What does it mean for Andong to be recognized as the cultural center of Korea? And what even is considered the core of Korean culture? If you look back to Korea’s history as well as the way it is today, you might see that Confucianism is often at the center of it all.
Confucianism comes from the teachings of a Chinese philosopher named Confucius (500s BCE). Known as a philosophy, moral framework, or even a way of life, it has had a big role in influencing Korean culture. Even if you aren’t familiar with what Confucianism is, you’ve likely seen and experienced some of it if you’ve ever been to Korea. I saw glimpses of it through watching Jesa (an ancestral memorial tradition), where my aunts and uncles in Korea would bring various foods to our grandparents’ tombs, even though at the time, I didn’t know why.
I experienced it firsthand when I initially moved to Korea and learned—through trial-and-error—about how important it is to be extremely respectful to people that are older than me. I hear about its remnants through my friends’ experiences working in Korea, where higher-ups have so much authority and people below them are expected to listen, not speak up. It is also found in things like Korean gender roles and the deep pursuit of education that dominates families today.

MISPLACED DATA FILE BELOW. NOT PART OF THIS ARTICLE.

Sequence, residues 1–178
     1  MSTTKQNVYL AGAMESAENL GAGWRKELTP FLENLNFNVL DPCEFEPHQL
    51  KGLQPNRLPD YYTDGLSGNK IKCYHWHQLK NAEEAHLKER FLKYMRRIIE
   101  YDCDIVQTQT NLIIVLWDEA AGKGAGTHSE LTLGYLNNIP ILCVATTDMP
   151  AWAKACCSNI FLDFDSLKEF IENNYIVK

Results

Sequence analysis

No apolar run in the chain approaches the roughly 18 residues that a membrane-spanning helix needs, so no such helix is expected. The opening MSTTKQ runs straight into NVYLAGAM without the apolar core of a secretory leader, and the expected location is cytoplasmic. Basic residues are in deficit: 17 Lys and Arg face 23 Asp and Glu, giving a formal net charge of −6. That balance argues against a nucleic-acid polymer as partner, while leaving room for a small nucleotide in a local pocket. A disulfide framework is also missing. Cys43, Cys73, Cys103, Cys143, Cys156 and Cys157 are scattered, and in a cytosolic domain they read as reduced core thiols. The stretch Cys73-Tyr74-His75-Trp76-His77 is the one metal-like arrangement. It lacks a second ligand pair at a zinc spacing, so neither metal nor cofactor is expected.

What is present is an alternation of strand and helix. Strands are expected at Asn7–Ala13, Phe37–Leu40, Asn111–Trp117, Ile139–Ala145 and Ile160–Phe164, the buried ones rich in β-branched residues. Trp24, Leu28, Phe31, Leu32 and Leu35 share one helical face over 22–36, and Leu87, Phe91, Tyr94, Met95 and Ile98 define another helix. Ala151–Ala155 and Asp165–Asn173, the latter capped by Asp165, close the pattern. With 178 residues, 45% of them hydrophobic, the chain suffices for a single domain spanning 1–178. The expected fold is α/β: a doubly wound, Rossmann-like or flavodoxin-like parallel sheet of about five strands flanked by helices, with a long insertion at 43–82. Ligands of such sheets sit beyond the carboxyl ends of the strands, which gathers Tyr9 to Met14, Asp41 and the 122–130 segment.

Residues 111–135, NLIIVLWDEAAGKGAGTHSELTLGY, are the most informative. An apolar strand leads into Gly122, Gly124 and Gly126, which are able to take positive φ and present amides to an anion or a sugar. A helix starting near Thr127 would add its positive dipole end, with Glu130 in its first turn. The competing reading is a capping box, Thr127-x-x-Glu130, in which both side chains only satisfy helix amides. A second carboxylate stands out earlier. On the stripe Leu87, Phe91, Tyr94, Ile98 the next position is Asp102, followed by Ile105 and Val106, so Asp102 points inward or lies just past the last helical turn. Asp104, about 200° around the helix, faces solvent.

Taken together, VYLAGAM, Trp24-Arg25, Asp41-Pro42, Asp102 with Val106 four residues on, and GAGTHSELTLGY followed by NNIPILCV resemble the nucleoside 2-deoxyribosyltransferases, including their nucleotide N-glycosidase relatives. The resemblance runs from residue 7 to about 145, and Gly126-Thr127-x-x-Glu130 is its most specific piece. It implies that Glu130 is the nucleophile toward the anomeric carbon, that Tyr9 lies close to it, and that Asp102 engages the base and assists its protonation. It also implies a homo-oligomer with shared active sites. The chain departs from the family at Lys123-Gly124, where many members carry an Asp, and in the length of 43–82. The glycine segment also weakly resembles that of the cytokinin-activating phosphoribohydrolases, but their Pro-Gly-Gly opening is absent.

Andong’s significance in this is that it was the home to many of Korea’s greatest scholars, one of which was Yi-Hwang. He and others established Seowons—Confucian academies—to be hubs for the pursuit of learning and knowledge. Dosan Seowon, one of the major Seowons in Andong, was known to be one of the leading academies of the entire nation.
I had always thought of Confucianism as something that didn’t belong in society today because of its strict rules on how to interact with others and the limited role for women in society. However, from exploring its history through the Seowons, museums, and people in Andong, I see that it is less about the particular “rules,” but more about the mindset of preserving healthy relationships in society. It is about mutual respect and living a fruitful life in conscience, mind, and spirit.
While most of Korea has evolved with time and moved on from tradition and philosophy, Andong has continued to live out and keep the traditions up to this day. Whether through the museums, where they hold the documents and writings of Confucian scholars to commemorate their contributions to society or the annual Mask Dance Festival, Andong holds onto the virtues that have established Korea as it is now. Seeing this, I wonder if we should not all look back and strive to carry on the attitudes of those that came before us.
While the well-kept spirit of Confucianism and traditional Hanoks are conspicuous, Andong also has something new to offer: one can enjoy Andong soju in a trendy pub tailored to modern tastes.
If you want to explore your own Andong, contact Daramji. We would connect you with unlikely local people and hidden gems.